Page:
After a week exploring the Alsace in France, I drove south through Switzerland to my new home base in the Aosta Valley of Italy. Today’s drive took me across borders, through tunnels and into spectacular Alpine scenery.
Switzerland maintains its historic neutrality and is not part of the European Union. As I left France, I had to stop at the border crossing in Basel and purchase a vignette (~$40) to place on the inside my windshield. It was basically a toll for the privilege of driving on Swiss roads.
The stoic Swiss border agent took my credit card and inserted it into his portable device but it was not connecting. I mentioned (in German) something about this being a Monday and he chuckled. I considered that a major achievement.
After securing my payment and applying my vignette, I was free to hit the Swiss highways. I drove from Basel, through Bern, down to Lake Geneva. I stopped in the lakeside town of Montreux and explored its famous castle, the Château de Chillon. What an incredible sight.
The views of the castle along the shimmering lake with the snow-capped Alps towering in the distance were jaw-dropping. The views were still incredible from inside the castle as I peaked out the windows.
I also admired the modern Swiss engineering involved in the highway that curved gracefully above the lake.
As I continued my journey south, the road continued to climb. It also narrowed and devolved into a series of hairpin turns. The temperature steadily dropped and soon I was passing above the tree line through snow.
I crossed over the border from Switzerland to Italy somewhere deep below a mountain inside the Great St Bernard Tunnel. When I finally emerged back into daylight, the signs had switched from French to Italian.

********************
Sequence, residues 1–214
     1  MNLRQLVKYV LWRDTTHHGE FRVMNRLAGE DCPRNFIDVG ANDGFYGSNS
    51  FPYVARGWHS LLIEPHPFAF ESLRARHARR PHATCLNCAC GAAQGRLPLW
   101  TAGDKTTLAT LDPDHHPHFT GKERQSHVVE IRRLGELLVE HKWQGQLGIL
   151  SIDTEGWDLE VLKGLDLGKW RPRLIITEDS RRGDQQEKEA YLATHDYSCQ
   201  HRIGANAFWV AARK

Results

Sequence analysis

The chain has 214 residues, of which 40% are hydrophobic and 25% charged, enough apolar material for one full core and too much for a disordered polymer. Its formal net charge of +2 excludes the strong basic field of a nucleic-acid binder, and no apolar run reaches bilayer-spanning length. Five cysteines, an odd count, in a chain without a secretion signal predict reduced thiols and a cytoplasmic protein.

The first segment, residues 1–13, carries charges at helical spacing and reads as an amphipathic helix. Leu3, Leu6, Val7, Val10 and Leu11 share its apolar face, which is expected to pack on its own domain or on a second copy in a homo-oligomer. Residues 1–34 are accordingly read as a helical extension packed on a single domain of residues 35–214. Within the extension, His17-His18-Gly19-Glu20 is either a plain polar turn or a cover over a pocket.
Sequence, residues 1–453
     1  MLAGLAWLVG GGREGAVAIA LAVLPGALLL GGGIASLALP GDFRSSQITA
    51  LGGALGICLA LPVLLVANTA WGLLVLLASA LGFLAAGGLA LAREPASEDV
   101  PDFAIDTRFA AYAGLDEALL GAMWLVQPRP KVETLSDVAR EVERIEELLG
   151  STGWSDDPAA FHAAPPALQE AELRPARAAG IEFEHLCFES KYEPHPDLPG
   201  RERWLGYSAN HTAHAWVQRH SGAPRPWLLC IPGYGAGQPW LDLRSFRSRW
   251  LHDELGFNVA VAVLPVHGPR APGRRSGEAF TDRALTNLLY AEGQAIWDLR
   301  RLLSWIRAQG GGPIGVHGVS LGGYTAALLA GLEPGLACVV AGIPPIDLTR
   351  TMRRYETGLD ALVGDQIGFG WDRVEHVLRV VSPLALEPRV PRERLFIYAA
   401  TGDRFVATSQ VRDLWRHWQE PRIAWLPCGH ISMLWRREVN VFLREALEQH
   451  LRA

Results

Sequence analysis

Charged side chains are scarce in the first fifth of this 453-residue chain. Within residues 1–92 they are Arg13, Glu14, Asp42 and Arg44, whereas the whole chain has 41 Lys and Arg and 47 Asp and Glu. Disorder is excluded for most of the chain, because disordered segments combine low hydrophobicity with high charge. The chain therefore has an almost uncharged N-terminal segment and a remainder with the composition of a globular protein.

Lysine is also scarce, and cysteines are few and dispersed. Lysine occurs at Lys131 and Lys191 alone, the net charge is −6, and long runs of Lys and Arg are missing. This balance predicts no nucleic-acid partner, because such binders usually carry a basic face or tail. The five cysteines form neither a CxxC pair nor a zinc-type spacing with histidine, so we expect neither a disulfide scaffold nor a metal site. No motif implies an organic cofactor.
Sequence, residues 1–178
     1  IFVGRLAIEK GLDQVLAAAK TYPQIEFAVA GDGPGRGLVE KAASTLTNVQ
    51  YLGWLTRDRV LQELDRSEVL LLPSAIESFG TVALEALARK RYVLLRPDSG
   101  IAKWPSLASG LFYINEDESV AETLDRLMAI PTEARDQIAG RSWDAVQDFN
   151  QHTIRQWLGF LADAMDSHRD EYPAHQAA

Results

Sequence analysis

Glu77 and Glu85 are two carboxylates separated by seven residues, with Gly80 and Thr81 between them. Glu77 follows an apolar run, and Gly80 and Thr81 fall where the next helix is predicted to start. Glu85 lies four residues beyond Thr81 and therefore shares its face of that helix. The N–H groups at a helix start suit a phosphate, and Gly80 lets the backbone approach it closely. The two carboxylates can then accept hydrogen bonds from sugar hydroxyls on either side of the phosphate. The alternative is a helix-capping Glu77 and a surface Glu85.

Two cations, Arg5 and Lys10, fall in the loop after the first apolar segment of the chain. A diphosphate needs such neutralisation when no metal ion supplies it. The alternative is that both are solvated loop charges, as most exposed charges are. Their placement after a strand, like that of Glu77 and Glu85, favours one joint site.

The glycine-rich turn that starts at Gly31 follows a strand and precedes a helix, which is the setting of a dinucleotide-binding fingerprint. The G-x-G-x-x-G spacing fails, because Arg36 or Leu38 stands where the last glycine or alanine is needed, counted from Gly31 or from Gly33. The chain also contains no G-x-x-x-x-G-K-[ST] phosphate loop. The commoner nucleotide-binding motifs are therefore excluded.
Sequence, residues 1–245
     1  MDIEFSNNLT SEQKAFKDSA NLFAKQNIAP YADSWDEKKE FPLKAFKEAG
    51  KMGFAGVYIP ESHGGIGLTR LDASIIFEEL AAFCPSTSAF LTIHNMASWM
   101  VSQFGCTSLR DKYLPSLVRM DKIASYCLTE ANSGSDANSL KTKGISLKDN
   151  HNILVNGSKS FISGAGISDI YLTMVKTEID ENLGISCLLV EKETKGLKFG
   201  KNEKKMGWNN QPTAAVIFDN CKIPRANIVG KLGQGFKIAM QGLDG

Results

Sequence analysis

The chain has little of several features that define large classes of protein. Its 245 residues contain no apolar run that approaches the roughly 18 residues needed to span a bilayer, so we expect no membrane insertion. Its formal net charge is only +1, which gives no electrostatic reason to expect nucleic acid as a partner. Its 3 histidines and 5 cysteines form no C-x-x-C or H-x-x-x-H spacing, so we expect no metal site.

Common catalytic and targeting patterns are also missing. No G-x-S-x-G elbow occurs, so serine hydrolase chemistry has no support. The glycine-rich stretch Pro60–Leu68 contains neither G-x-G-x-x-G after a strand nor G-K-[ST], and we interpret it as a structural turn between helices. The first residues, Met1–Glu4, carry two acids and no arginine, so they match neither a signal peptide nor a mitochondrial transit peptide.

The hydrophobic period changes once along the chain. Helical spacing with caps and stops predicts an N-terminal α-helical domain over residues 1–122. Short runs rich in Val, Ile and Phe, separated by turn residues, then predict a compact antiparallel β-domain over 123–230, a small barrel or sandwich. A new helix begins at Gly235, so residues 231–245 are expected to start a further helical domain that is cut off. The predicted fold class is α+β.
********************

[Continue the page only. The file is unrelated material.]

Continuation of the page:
It didn’t take long for the road to begin its steep descent into the Aosta Valley. The Romans conquered this region around 25 BC, building roads and bridges. Valle d’Aosta literally means “Valley of Augustus”.
I have a grand view of this ancient valley from the balcony of my Airbnb.
My proprietor, Anne-Marie, is actually Belgian and she spoke excellent English. Her property is set up perfect for me, she even included a bottle of local wine and a wedge of Aosta (pronounced “ow-oh-stuh”) cheese.
After unpacking, I stretched my legs by hiking around the neighborhood. Most of the houses clung to the side of the mountain and all enjoyed this incredible view. Even through we’re at a higher elevation, it’s warmer here than France due to the special micro-climate protected by mountains on both sides.
As I was out hiking, a farmer rumbled by on his tractor and gave me a friendly Ciao. I’m generalizing here but the Italians always seem more approachable to me, especially after I’ve spent time with the typically reserved French and Germans. I need to brush up on my Italian phrases.
After the long drive through the mountains, I’m ready to call it a day.
It should be interesting to explore this area considering it offers Roman ruins and plenty of castles plus Mont Blanc and the Matterhorn are nearby.